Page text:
FINRA Requests Comment on Senior Protection Rules
FINRA is conducting a retrospective review to assess the effectiveness and efficiency of its rules and administrative processes that help protect senior investors from financial exploitation. More specifically, FINRA is interested in finding out whether additional tools, guidance or changes to FINRA rules or administrative processes are appropriate to further address suspected financial exploitation and other circumstances of financial vulnerability for senior investors.
Despite FINRA’s best efforts to prioritize the protection of senior investors, recent reports indicate that “financial exploitation of seniors has been increasing, in terms of both magnitude and impact.” In the Notice, FINRA summarizes the rules and administrative processes that most directly apply to financial exploitation of senior investors and inquires about a number of questions related to addressing financial exploitation.
FINRA is looking for feedback on the following questions:
1.) Should Rule 2165’s safe harbor be extended to apply to transactions in securities, in addition to disbursements of funds and securities? If so, how should changes in security prices be addressed (e.g., where a hold is terminated: (i) by a state regulator or agency of competent jurisdiction or a court of competent jurisdiction; or (ii) upon a determination that there is not financial exploitation)? Are there other implications of extending the safe harbor to transactions?
2.) Should Rule 2165’s safe harbor be extended to apply where there is a reasonable belief that the customer has an impairment that renders the individual unable to protect his or her own interests (e.g., a cognitive impairment or diminished capacity), irrespective of whether there is evidence that the customer may be the victim of financial exploitation by a third party? What burdens would be placed on member firms and their registered persons if the safe harbor were extended in this way?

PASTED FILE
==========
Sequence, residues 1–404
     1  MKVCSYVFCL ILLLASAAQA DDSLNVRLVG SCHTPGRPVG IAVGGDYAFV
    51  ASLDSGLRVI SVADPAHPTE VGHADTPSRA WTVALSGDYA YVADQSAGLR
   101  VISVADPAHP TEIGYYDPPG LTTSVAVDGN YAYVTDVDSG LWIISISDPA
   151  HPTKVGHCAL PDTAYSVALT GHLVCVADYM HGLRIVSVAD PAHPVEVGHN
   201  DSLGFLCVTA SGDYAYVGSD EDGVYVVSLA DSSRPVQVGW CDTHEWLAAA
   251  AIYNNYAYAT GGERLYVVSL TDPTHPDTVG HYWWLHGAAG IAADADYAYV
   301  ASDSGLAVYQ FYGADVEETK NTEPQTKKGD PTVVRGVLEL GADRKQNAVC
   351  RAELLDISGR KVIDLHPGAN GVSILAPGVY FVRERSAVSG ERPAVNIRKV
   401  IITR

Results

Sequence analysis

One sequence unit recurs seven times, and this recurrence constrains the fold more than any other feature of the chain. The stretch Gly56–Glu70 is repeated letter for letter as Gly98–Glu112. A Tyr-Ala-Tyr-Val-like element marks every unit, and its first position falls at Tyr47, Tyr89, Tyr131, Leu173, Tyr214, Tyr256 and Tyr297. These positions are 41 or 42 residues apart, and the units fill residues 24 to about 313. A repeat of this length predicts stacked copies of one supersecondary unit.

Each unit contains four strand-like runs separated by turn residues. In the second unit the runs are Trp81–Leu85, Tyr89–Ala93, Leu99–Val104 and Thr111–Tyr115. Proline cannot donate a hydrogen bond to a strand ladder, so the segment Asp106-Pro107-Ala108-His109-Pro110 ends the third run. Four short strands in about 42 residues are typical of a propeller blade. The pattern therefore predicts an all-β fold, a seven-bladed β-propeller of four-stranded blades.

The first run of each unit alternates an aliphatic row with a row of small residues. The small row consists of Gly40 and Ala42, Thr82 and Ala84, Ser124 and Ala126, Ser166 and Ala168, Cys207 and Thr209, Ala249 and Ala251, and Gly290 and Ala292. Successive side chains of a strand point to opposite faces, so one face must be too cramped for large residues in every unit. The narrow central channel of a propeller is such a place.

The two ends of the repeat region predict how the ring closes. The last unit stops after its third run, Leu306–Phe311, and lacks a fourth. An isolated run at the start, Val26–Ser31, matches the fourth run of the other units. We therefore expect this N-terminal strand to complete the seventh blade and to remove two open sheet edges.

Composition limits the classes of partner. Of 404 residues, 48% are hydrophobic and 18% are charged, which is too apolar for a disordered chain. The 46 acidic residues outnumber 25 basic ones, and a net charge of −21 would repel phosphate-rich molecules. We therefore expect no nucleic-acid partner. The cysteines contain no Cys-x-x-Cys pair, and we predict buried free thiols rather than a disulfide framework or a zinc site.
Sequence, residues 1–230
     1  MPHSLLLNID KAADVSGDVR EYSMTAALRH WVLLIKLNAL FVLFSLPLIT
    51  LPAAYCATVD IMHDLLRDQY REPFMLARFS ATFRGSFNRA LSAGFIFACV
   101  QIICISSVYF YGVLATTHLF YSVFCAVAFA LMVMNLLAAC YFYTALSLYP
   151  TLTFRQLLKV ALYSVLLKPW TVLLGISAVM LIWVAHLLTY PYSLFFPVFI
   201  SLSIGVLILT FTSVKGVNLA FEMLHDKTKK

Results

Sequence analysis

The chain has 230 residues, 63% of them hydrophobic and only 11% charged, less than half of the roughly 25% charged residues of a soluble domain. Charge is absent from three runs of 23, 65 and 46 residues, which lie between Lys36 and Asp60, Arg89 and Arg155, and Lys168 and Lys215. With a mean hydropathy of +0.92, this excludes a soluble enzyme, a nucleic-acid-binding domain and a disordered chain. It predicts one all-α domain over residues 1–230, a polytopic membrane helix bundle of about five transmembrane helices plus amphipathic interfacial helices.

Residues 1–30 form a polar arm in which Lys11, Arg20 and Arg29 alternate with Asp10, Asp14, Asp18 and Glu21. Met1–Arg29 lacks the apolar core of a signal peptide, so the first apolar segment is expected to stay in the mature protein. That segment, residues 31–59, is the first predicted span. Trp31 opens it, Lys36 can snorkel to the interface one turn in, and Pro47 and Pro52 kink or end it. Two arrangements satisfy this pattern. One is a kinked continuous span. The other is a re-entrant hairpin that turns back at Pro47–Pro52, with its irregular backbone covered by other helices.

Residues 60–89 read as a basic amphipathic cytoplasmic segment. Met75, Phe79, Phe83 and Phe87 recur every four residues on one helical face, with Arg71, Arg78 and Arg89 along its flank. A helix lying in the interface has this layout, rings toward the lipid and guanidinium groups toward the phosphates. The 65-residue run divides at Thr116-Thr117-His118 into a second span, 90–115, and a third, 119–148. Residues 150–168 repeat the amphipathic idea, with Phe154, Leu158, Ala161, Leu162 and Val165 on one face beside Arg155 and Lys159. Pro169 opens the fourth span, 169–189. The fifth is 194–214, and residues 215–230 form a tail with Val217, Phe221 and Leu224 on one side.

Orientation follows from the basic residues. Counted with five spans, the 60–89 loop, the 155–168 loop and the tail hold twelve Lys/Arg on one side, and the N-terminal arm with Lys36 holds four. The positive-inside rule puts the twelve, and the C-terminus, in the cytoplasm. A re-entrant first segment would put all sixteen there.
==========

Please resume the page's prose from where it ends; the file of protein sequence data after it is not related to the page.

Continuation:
3.) Should FINRA extend the temporary hold period in the rule or create a different mechanism to obtain an extension? If so, for how long? How frequently has your firm placed a temporary hold pursuant to Rule 2165 and what has been the duration of any holds? When a hold was placed, did the firm’s internal review find support for the reasonable belief of financial exploitation that prompted placing the hold?
4.) Has your firm identified any unintended consequences when placing or attempting to place a temporary hold on disbursement of funds or securities from an account under Rule 2165?
5.) To gain a better understanding of the effectiveness of the trusted contact provision in Rule 4512: what methods have firms used in seeking to obtain trusted contact person information? What methods have firms found most helpful in obtaining such information? What have been the response rates from new and existing customers in providing the trusted contact person information?
6.) Has your firm suspected financial exploitation of a customer, but not had the trusted contact person information? If so, what did your firm do, if anything? Has your firm sought assistance from trusted contact persons, and, if so, was this outreach constructive?
7.) Should FINRA develop a dedicated Rule 2165-related problem code for use in meeting reporting requirements pursuant to FINRA Rule 4530?